Author: Emilia Hermelinda Lopera-Pareja – CIEMAT, Spain

Co-author: Carolina Moreno-Castro – University of Valencia

Complementary and Alternative Medicines (CAM) encompass a wide and diverse array of techniques and, although most of them only provide well-being and comfort, others can directly influence health and, consequently, are not exempt of risks. These risks can even lead to death in the case of very serious diseases, such as cancer, if patients abandon conventional therapies to be treated exclusively with alternative ones. At present, there is a heated debate on this issue in Spain whose social evolution and political regulation might depend on how CAM are communicated in the coming years in several spheres of interest such as medicine itself, but also the media and even in formal education. The main objective of this paper is precisely to explore the attitudes and beliefs toward CAM among medicine, nursing, journalism and teaching students in their key role as budding science storytellers in communicating and/or managing the use of these therapies in the near future. For this purpose, a validated Spanish version of the 10-item Complementary and Alternative Medicines Health Belief Questionnaire (CHBQ) -7 point Likert scale- was administered for the first time to a sample of 234 medicine, nursing, journalism and teaching undergraduate students at different universities of Valencia (Spain). Because the maximum score on the CHBQ is 70, a positive attitude toward CAM was predefined as a total mean score of 35. Our results showed positive attitudes among students since the CHBQ overall mean score was 41.7 (standard deviation= 11). On the other hand, journalism and medicine students reported certain degree of criticism or caution -a lower mean score (34.2 and 37.8, respectively)-. These findings can be helpful in addressing CAM management, policymaking and communication processes.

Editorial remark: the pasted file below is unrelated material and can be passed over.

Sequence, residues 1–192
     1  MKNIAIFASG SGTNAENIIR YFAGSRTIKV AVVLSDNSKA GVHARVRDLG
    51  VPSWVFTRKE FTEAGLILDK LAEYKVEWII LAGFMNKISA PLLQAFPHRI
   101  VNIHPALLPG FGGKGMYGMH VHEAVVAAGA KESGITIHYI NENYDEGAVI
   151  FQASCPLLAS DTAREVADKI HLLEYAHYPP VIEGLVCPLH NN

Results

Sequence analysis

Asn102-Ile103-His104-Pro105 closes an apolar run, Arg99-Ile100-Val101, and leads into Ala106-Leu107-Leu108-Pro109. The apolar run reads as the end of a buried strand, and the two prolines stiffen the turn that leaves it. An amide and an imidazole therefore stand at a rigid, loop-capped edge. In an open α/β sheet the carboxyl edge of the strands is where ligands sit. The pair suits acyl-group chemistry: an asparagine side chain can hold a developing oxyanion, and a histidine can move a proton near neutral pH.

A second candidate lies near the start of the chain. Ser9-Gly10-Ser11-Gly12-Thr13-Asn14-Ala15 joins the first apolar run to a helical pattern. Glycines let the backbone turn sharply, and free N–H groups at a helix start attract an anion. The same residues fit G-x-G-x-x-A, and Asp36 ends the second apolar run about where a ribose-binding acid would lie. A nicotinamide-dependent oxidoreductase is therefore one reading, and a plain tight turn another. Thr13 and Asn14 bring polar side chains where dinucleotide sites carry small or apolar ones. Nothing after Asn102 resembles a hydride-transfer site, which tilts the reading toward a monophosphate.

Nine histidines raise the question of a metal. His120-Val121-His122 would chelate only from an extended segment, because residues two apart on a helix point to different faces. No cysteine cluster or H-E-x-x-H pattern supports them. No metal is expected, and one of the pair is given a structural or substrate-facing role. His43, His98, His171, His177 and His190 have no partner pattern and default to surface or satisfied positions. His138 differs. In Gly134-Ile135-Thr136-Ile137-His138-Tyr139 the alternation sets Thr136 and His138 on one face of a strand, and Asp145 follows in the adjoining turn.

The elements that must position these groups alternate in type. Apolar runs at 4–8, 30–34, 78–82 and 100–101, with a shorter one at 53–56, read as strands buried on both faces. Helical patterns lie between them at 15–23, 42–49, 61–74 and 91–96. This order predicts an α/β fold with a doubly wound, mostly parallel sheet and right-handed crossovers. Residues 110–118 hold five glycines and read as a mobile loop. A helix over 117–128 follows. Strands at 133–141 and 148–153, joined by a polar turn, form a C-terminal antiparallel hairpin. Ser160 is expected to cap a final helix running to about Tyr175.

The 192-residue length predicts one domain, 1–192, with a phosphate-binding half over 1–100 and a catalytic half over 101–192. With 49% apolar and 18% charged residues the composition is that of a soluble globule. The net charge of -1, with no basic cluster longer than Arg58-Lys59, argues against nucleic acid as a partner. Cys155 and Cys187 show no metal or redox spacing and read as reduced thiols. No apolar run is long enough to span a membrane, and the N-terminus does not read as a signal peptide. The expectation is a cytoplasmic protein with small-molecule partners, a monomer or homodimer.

Presentation type: Individual paper
Theme: Society
Area of interest: Influencing policies through science communication

Author: Emilia Hermelinda Lopera Pareja, CIEMAT, Spain

Co-author: Carolina Moreno Castro

The media panorama in the Spanish society has changed dramatically over the last decade. The current situation is characterized by an overlapping of news “containers” where traditional printed and audio-visual news outlets coexist with an ever increasing use of exclusive online sources, such as digital versions of traditional media, social networks, blogs and search engines. In the light of this changing context, research on science and technology communication has to go beyond the news content and pay attention to the implications and consequences of these new trends in information source, which might be the case of possible effects on public attitude and perception on controverted and socially debated subjects. The main objective of this paper is therefore to explore the possible relationships between the use of certain sources of information and the perceived effectiveness of complementary and alternative medicine (CAM). This research was carried out through the statistical analysis of the data obtained from PIKA Online Survey on Science. PIKA means Perception, Information, Knowledge and Attitudes. The PIKA questionnaire was applied to a sample of 2,138 Spanish college students from March 18 to May 4 in 2014. The questionnaire featured on purpose a specific section to measure perception on pseudoscientific issues and CAM therapies along with another set of questions aimed at further knowing about the consumption of news outlets among digital natives in Spain. After applying different SPSS procedures such as Crosstabs and Standardized Adjusted Residuals, the results show that there is a positive association between higher consumption of certain sources of information, such as internet or TV, and a positive attitude towards the most popular CAM therapies. With respect to online sources, individuals that trust the most popular CAM admitted an extensive use of search engines when looking for information about interesting and scientific topics or technological risk.